To be sure, Ackman is only one player in the grand scheme of Pornhub’s reckoning — which might not have occurred without Kristof’s shocking exposé. But the involvement of the high-profile financier drew more attention to a campaign for accountability that activists had been waging for almost a year — with little success.
Human rights activist Laila Mickelwait had been battling sex trafficking for about 15 years when she came across Pornhub in her research. As she told Institutional Investor recently, The New York Times wasn’t the first newspaper to write about its abuses. In November 2019 an investigation by London’s Sunday Times had found dozens of illegal child exploitation videos on the site and called out Pornhub advertisers Unilever and Heinz.
After the Sunday Times story, those advertisers left and PayPal quit processing payments for Pornhub. But Mastercard, Visa, and Discover stuck with it.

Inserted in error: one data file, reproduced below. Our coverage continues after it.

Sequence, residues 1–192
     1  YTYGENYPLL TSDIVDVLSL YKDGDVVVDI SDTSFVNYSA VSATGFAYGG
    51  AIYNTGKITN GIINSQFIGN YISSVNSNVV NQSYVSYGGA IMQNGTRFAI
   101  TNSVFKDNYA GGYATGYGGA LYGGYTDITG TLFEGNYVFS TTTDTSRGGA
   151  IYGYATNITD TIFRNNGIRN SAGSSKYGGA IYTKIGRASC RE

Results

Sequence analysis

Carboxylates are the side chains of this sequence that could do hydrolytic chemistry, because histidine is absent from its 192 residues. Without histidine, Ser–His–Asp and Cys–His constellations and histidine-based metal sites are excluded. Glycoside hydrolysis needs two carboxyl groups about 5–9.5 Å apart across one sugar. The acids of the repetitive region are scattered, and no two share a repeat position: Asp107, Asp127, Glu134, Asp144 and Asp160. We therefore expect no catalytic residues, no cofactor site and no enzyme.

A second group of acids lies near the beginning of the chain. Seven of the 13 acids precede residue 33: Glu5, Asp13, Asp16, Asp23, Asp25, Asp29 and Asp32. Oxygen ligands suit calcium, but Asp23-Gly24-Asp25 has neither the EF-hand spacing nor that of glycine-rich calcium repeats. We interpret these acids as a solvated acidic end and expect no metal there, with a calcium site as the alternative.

Mickelwait launched her own campaign on February 9, 2020, writing a piece in the Washington Examiner titled “Time to Shut Pornhub Down.” The article led to what she has labeled the “Traffickinghub” movement, “a nonpartisan, nonreligious global effort to hold Pornhub . . . accountable for enabling and profiting from the sex trafficking and criminal sexual exploitation of victims.”
Traffickinghub has since gained support from more than 2.2 million people from 192 countries and has been endorsed by more than 300 organizations, according to its website.
One of the movement’s first efforts last year was to reach out to the credit card companies, which Mickelwait had learned were vital to Pornhub’s survival.
On May 6, 2020, she received a promising email from Mastercard European general counsel Thibaut Gregoire, saying that her May 1 letter to CEO Banga (now the firm’s executive chairman) had been forwarded to him.
“We really appreciate that you share your concerns with us,” wrote Gregoire in the email, which II has obtained. “This is something we take very seriously. Please also know that we view ourselves as always trying to do the right thing and we sincerely appreciate hearing from interested parties about what they observe in our ecosystem that can help us do our job better.”